This was a much lighter read than The Doomsday Book or Blackout (see my review here). It’s about cats, dogs, fishing, and the Bishop’s bird stump, a hideous flower vase. Most of the story is set in Victorian England, with some scenes in the Oxford historians’ current time of the 2060’s and others during World War II. Unlike The Doomsday Book, it has a happy ending. It also won the Hugo and Locus Awards and was nominated for a Nebula Award.

I’m not familiar with Three Men in a Boat which is mentioned in the blurb, but I don’t think that detracted from my enjoyment of this book. The themes in this book are definitely echoed in Blackout and All Clear, so while it isn’t critical to read this book prior to the author’s WWII duology, it may add some perspective. (I have almost finished reading All Clear as I write this).

Have you read any of Connie Willis’ time travel books? Let me know if the comments below!

Read more of my reviews here.

Book Review – Blackout

I am not a huge history buff and it has been decades since I took a history class. However, I did delve into Connie Willis’s time travel books a few years ago with The Doomsday Book, set mostly during the spread of the Black Death in medieval England. I really enjoyed that story, but I don’t think I ever reviewed it here.

My book club wanted to read Blackout, another book in the series, set mainly during World War II. This is a book that you can pick up even if you haven’t read the earlier ones, as they’re loosely related. However, Blackout is only the beginning of a two-part story that is finished in the book All Clear, which I plan to start reading next.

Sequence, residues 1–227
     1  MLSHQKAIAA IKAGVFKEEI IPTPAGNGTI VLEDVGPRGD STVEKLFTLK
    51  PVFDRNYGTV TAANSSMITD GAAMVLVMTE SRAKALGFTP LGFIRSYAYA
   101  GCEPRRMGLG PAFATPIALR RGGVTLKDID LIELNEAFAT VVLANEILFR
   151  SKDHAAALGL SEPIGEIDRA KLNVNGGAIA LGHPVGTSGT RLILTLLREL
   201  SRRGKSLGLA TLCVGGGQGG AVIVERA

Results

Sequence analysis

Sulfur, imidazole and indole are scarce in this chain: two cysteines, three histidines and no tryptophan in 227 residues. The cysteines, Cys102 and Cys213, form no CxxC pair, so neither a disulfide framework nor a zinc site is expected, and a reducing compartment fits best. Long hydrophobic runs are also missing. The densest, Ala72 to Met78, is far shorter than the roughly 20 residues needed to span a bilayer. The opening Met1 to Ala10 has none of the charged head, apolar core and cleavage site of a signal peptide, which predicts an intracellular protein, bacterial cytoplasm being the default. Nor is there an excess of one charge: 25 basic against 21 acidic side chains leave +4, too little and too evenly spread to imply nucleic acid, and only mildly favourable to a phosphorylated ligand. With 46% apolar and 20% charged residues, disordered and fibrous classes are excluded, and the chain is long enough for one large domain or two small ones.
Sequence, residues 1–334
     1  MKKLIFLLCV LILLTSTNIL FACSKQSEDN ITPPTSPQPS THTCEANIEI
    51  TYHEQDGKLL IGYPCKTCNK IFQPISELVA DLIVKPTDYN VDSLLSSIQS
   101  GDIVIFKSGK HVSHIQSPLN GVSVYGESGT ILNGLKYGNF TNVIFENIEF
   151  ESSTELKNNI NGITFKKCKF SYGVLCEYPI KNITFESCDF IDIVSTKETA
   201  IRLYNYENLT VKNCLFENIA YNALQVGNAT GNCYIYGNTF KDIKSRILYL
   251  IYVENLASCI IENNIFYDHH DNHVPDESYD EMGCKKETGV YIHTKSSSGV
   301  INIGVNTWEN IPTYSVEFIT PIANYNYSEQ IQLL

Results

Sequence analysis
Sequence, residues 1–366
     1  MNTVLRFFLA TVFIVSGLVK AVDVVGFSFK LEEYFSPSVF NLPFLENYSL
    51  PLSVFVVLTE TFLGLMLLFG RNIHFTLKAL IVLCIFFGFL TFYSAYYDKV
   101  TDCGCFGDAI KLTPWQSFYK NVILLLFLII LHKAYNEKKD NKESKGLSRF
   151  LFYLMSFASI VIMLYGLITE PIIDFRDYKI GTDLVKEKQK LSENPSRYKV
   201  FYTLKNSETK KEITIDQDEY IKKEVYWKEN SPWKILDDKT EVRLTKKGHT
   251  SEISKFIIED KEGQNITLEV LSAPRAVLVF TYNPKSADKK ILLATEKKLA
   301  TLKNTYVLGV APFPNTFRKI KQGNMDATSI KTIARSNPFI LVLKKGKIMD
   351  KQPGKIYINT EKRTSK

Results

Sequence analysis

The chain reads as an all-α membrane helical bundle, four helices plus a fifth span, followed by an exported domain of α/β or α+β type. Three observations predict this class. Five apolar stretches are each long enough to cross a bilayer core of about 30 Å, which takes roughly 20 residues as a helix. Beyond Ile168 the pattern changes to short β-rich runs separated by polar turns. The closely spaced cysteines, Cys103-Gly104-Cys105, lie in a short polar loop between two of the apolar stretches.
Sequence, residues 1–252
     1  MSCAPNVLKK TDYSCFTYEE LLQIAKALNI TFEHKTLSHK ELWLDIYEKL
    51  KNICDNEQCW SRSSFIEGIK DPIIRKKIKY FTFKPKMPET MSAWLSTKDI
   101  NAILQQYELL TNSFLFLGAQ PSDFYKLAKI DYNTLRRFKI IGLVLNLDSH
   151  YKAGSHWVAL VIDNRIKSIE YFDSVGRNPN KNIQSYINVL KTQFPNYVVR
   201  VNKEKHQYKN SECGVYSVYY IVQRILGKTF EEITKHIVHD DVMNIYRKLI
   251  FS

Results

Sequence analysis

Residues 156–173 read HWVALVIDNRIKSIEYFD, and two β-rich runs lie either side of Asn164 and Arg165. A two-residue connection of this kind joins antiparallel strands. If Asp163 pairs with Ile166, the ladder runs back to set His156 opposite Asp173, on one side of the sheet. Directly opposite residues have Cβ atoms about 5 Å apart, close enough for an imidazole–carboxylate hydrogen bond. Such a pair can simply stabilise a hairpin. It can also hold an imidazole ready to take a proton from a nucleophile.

The duology won the Hugo and Nebula Awards for Best Novel and the Locus Award for Best Science Fiction Novel.

Here is the blurb:

Oxford in 2060 is a chaotic place, with scores of time-traveling historians being sent into the past. Michael Davies is prepping to go to Pearl Harbor. Merope Ward is coping with a bunch of bratty 1940 evacuees and trying to talk her thesis adviser into letting her go to VE-Day. Polly Churchill’s next assignment will be as a shopgirl in the middle of London’s Blitz. But now the time-travel lab is suddenly canceling assignments and switching around everyone’s schedules. And when Michael, Merope, and Polly finally get to World War II, things just get worse. For there they face air raids, blackouts, and dive-bombing Stukas–to say nothing of a growing feeling that not only their assignments but the war and history itself are spiraling out of control. Because suddenly the once-reliable mechanisms of time travel are showing significant glitches, and our heroes are beginning to question their most firmly held belief: that no historian can possibly change the past.

I listened to Blackout as an audiobook (narrated by Katherine Kellgren), and while I enjoyed the book, I felt a little bogged down in some of the details. However, that is also one of the strong points of the book. The author does a wonderful job portraying the details of everyday life in WW2 England and interweaving that with the historical events. Being a terrible history student, I can’t say how accurate these details are, but it certainly feels authentic when reading it.